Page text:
Commentary: Supply Chain System Security Starts in the Cloud
The May 2017 ‘WannaCry’ ransomware cyberattack swept 150 countries, crippling hospitals, paralyzing government entities, and completely halting businesses by exploiting vulnerabilities in outdated operating systems.
By infiltrating systems, locking down digital assets, and making all files and folders inaccessible, the attackers effectively shut down entire organizations. No fulfillment. No new client acquisition. No checking inventory. It’s a rattling reminder that as hacking and ransomware continue to become more prevalent, system security must be an organization’s top priority.
However, most CEOs don’t have a tech background. In fact, 43 percent of CEOs have a background in finance with the next largest percentage being general business management. Yet, a poll of Fortune 500 CEOs showed that 65 percent say that the “rapid pace of technological change” was the biggest challenge their company was facing. See the disconnect?
Let’s simplify things. Strong system security boils down to controlling two factors: access and ecosystem. Access refers to how easily someone can get into or hack a system, and the ecosystem is everything else, including native (operating systems), application, and human (lack of training, easy passwords, etc.) vulnerabilities.
One of the most important cybersecurity decisions for your enterprise is selecting an appropriate operating system. Although no operating system is immune to malware attacks, according to a report produced by F-Secure Labs, non-iOS operating systems account for 99 percent of all mobile malware. Why?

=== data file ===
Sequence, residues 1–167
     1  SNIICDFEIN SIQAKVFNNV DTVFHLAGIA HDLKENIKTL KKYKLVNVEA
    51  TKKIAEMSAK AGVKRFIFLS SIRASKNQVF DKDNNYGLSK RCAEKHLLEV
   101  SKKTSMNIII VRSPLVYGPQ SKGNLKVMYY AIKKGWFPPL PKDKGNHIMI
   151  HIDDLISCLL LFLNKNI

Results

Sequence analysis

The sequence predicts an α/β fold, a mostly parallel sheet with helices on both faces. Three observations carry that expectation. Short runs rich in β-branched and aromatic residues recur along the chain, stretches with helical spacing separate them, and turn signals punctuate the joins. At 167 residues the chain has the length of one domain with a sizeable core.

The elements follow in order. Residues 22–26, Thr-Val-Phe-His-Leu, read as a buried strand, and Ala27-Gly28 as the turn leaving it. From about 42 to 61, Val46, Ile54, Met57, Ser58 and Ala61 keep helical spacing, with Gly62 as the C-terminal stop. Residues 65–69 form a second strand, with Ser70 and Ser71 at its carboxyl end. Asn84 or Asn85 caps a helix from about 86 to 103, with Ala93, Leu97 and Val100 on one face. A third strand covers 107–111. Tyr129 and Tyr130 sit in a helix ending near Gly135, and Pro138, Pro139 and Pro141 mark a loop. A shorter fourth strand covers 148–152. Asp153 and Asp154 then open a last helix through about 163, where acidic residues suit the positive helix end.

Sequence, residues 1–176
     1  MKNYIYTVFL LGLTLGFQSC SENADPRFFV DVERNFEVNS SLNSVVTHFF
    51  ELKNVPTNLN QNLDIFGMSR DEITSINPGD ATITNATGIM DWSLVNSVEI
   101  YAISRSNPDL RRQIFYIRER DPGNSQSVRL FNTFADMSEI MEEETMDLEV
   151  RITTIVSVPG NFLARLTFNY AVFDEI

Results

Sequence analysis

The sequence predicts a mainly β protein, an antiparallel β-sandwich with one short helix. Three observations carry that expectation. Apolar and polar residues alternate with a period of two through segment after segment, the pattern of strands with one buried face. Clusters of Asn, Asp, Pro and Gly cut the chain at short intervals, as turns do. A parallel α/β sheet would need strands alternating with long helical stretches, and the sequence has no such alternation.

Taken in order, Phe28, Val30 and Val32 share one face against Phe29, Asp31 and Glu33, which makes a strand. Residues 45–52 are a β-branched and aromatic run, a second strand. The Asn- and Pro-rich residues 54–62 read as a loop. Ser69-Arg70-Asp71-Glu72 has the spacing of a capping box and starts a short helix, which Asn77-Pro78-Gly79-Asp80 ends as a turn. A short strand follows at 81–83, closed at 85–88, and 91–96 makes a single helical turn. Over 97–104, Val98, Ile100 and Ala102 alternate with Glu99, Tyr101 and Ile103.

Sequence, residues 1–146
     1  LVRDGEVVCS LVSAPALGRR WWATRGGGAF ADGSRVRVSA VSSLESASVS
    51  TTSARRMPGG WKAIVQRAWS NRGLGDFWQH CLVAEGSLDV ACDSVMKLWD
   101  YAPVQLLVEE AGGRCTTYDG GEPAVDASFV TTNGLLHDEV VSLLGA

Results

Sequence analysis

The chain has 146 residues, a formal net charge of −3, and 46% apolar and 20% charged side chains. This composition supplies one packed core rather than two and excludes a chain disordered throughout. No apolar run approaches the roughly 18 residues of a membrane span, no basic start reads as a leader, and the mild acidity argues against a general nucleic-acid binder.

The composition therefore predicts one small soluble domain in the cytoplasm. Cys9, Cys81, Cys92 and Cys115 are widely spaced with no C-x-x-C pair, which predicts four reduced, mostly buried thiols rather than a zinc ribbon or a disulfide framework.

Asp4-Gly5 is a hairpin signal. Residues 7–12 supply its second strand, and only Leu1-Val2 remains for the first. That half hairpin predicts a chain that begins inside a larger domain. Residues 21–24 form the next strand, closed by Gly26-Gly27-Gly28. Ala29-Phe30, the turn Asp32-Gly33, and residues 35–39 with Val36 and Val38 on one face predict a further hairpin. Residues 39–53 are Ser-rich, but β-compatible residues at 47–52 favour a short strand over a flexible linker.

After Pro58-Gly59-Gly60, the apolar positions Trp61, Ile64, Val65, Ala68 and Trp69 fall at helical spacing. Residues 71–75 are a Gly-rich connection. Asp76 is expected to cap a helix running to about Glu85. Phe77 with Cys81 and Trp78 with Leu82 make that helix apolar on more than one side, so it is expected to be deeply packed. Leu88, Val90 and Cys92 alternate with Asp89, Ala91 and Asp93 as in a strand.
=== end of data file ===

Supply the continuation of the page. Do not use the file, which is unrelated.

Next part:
Systems like Windows and Android are more open to developers, but another reason is the way operating system updates are managed. Experts say Apple’s iOS distribution and upgrade model is better and leads to greater security. It’s not that other operating system updates aren’t as good as Apple’s, it’s that implementing the updates is left to the users of each device. This opens the door for WannaCry and other malware attacks like it, which brings up the next major point: Organizations that try to do network security themselves often fail.
Organizations that do system security in-house will wither because they won’t have the proper prioritization, funding, expertise, and/or accountability; or because they focus so much on doing system security well that they lose market opportunities to competitors. Relying on anti-virus software is not enough today because it stops less than half of malware attacks.
According to Gartner analyst Dionisio Zumerle, most enterprises choose Apple devices and the iOS platform because they feel it is easier to secure their data. While this takes care of securing data on the device itself, it doesn’t address the issue of storing data outside of the device, which is achieved via on-site or cloud storage.
When choosing between on-site and cloud storage, there are four main reasons a cloud environment can be superior: better security expertise, better tools, focused resources, and cost effectiveness.
Better Security Expertise
Organizations put their data at risk when they trust it to an IT team whose primary expertise is network connectivity and hardware functionality. Cyber security is a whole different ball game. It usually happens that an organization uses their IT team for system security.